After all, Dial of Destiny, on the surface, has many parallels to its predecessor. Both films involve Indy with a younger character to whom he acts like a father figure to, both movies feature Nazis as the primary villain, both movies have some element of the mystical and magical, and both are happy to mine nostalgia to appease audiences. But, where Crystal Skull fails to stick the landing with all of these aspects of the film, Dial of Destiny is far more successful.
‘Dial of Destiny’ Is Packed to the Brim With Heart-Pounding Action but Weak in Story
A highlight of any good Indiana Jones movie is the swashbuckling adventure we go on with our heroes. Whether it’s uncovering the Ark of the Covenant, magical Sankara stones, or trying to find the Holy Grail, we can be sure that Indy will be sent to all corners of the globe with his hat on and whip in hand to do whatever it takes to get what he’s after. Dial of Destiny follows this same format. Chasing the titular dial of destiny, we are taken on an adventure with a begrudging Indiana and his plucky and morally-ambiguous goddaughter Helena Shaw (Phoebe Waller-Bridge) jumping from New York to Tangier to Sicily and beyond.
The most thrilling aspect of Dial of Destiny is its action sequences. The film kicks off at the end of World War II in a de-aged flashback to a younger Indy fighting Nazis on a speeding train, and then shows that even after decades of adventuring, Indy’s still got it when we jump to 1969. Whether it’s on a horse or behind the wheel of a tuk-tuk, Ford shows he’s still a compelling action star. The action set pieces of Dial of Destiny are sprawling, be it on land, sea, or in the air, director James Mangold never holds back on the fun of these scenes.
This means that sometimes the story suffers as a result. A lot of Dial of Destiny‘s script is formulaic. There’s nothing new in the first two-thirds of this movie, it feels like we are simply filling the space between action sequences with Indy’s greatest hits. It’s only by the third act that the film totally goes off the rails, taking us somewhere we’ve never been. And while your mileage may vary on whether this polarizing move makes the movie better or worse, it certainly feels like the most original part of Dial of Destiny.
Phoebe Waller-Bridge and Harrison Ford Have Great Chemistry
The story between Helena and Indy is oftentimes rather shallow, but Ford and Waller-Bridge’s acting makes up for a lot of the missing development. Their chemistry is great, with Indy easily slipping into the role of a protective and sometimes-judgmental father figure to Helena. But, Helena seems to only exist to push Indy back into an adventure and often feels like a caricature as a result. She is an audience insert in many ways, the character that we all want to be. She’s the quippy, clever woman with all the answers.
That isn’t to say that Waller-Bridge is bad in the film, on the contrary, her performance is full of swagger and sass, and it manages to hide a lot of the lackluster writing when it comes to her character. Helena’s jaded and crooked persona adds a deeper dimension to her character, but it mainly serves to compliment Indy’s maturation over the years. In fact, Waller-Bridge embodies the spirit of a younger Harrison Ford, making her a perfect foil for his character development. If only there was a bit more time spent on developing Helena on her own, because her interactions with Indy and the young Teddy (Ethann Isidore) are delightful.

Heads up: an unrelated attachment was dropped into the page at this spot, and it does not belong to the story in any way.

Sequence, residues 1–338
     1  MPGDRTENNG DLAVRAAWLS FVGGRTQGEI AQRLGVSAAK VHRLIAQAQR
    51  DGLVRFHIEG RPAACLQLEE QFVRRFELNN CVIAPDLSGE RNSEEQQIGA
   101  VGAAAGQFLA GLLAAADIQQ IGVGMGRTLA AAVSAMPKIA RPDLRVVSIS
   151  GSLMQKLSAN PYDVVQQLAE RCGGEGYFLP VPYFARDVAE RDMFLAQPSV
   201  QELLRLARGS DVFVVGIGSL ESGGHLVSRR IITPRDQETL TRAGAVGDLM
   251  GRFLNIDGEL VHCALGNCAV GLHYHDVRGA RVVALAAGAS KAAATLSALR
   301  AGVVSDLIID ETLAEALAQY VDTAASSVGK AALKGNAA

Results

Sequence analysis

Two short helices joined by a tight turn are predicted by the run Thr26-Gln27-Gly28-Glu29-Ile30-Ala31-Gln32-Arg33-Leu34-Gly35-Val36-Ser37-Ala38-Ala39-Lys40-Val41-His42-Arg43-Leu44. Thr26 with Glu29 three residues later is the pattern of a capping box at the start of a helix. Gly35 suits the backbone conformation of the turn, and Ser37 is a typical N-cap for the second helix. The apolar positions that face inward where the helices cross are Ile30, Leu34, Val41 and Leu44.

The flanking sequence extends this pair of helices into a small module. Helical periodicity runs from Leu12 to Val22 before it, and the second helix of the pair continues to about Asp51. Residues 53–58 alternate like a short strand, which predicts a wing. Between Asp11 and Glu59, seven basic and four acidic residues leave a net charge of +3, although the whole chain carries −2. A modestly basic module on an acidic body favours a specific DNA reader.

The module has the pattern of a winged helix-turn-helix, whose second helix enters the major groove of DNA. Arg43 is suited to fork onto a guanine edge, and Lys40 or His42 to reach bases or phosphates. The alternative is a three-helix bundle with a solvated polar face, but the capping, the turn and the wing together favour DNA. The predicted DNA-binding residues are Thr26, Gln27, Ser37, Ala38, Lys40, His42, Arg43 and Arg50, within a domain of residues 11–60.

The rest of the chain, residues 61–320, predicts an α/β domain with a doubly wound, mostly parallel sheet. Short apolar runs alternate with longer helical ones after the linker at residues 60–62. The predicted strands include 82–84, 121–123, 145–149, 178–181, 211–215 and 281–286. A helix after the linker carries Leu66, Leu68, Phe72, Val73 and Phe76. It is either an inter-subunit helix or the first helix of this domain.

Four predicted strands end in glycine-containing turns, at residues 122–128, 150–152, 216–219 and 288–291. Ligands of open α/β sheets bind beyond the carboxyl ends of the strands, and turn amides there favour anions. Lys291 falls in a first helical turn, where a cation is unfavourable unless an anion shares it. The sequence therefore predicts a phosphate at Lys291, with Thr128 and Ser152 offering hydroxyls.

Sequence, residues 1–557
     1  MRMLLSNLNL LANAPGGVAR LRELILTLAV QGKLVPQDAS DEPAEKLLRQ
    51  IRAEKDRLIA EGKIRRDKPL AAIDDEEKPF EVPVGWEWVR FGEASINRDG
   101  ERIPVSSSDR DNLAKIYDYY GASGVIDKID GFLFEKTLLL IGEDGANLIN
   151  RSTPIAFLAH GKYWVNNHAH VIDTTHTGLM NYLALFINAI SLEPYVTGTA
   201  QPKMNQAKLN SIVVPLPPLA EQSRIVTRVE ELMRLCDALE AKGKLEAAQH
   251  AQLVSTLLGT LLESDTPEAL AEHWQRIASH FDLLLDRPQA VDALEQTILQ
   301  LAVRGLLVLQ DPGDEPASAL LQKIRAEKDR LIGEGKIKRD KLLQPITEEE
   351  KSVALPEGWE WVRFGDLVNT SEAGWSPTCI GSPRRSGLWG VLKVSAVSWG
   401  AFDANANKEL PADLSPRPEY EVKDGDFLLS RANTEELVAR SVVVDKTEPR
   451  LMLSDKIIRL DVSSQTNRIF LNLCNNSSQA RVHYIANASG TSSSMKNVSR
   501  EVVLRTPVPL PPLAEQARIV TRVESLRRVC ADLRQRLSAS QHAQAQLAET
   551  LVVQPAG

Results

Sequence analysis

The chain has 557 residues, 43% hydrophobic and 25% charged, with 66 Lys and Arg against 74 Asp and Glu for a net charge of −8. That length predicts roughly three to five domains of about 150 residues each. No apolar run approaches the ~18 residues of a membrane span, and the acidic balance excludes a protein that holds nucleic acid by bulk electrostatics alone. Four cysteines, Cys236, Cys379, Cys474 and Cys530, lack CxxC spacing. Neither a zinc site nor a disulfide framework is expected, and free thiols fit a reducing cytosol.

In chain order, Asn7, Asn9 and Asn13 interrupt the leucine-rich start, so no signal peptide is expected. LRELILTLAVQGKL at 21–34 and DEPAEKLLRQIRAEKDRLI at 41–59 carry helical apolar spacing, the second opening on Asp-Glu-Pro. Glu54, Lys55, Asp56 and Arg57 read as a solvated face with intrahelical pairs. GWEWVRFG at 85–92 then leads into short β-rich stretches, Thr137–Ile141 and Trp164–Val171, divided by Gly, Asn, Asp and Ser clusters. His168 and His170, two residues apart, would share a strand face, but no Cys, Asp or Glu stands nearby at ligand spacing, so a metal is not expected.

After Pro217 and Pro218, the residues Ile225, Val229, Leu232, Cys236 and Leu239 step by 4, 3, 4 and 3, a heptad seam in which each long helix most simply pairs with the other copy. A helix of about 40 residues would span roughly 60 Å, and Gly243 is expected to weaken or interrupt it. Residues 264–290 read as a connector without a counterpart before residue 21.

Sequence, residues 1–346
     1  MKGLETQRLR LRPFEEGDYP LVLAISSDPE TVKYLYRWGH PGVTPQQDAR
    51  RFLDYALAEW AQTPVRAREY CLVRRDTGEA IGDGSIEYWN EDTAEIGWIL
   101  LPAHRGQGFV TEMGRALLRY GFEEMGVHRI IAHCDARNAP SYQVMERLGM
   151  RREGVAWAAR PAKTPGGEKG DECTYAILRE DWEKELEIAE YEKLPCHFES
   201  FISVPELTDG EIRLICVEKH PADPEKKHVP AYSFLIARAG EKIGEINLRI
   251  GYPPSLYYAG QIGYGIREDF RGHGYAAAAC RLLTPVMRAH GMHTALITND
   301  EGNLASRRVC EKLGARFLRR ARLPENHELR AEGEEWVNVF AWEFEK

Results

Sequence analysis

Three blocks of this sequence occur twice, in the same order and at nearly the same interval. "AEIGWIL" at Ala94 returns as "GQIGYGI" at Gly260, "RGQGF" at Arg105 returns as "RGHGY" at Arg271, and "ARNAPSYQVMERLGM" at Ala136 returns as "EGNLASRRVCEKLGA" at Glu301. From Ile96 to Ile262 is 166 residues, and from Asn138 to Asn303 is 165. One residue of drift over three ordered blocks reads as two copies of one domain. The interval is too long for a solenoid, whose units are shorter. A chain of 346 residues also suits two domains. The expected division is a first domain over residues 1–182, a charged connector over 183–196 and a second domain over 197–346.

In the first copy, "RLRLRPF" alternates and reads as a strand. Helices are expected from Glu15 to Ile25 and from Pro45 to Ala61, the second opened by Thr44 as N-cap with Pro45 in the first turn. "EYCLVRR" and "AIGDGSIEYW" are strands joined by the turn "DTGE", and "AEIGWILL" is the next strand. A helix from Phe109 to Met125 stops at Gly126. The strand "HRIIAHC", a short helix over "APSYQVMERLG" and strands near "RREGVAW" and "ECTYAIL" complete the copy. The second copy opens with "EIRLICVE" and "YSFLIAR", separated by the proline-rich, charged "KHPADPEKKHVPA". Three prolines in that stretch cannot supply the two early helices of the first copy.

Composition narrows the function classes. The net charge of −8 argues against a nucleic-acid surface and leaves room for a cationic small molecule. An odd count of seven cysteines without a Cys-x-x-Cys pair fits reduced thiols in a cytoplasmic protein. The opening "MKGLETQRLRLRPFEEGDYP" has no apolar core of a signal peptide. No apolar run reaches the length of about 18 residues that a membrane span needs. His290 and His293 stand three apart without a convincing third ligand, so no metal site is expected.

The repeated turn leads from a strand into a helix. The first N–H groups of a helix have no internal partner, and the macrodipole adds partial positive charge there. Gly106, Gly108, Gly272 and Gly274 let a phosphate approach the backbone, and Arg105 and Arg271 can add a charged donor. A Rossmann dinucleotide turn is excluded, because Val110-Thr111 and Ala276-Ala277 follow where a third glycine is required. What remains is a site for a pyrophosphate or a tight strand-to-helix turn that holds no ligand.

‘Dial of Destiny’ Offers a Strong Dose of Nostalgia
If you haven’t seen the other Indiana Jones movies, you might not notice how often the film calls back to the first three films, while also directly answering some questions about the fourth, like what happens to Mutt (Shia LaBeouf), Indy and Marion’s son. But for fans of Indy, this plays like a greatest hits album at times. The aforementioned Teddy feels like a duplicate of Ke Huy Quan‘s lovable Short Round. Nazis are once again hunting for some kind of magical artifact that can change the course of life and history as we know it.
There are callbacks to the first three movies, and while they are certainly meant as winks to the audience, they do serve the main theme of the film. This is a movie about Indy at the end of his career. It’s obsessed with time and age and specifically the passage of time and regrets. While not exactly groundbreaking, it actually fits the character of Indiana Jones well. He’s a man who has so often thrown caution to the wind, but now face with mortality and legacy, he’s forced to look back at his life.
Perhaps a deeper dive into these themes and better development of Helena’s character could have put this film over the top. As it is, it is a fun romp, one that is sure to entertain audiences. It captures the spirit of the first three films, because, whether you like it or not, those movies were meant to be enjoyable action-adventures. There’s nothing thematically deep or complex about Raiders of the Lost Ark, Indiana Jones is not Citizen Kane, and it doesn’t want or need to be. You buckle up for a daring story with a rakish hero and that’s what Dial of Destiny is all about — though now Helena might better fit the role of a rakish hero. It’s a vast step up from the muddled mess of Crystal Skull, and while it’s not perfect, with its uneven storytelling, it’s not a bad end for our favorite archaeologist-professor-adventurer.
Indiana Jones and the Dial of Destiny comes to theaters on June 30.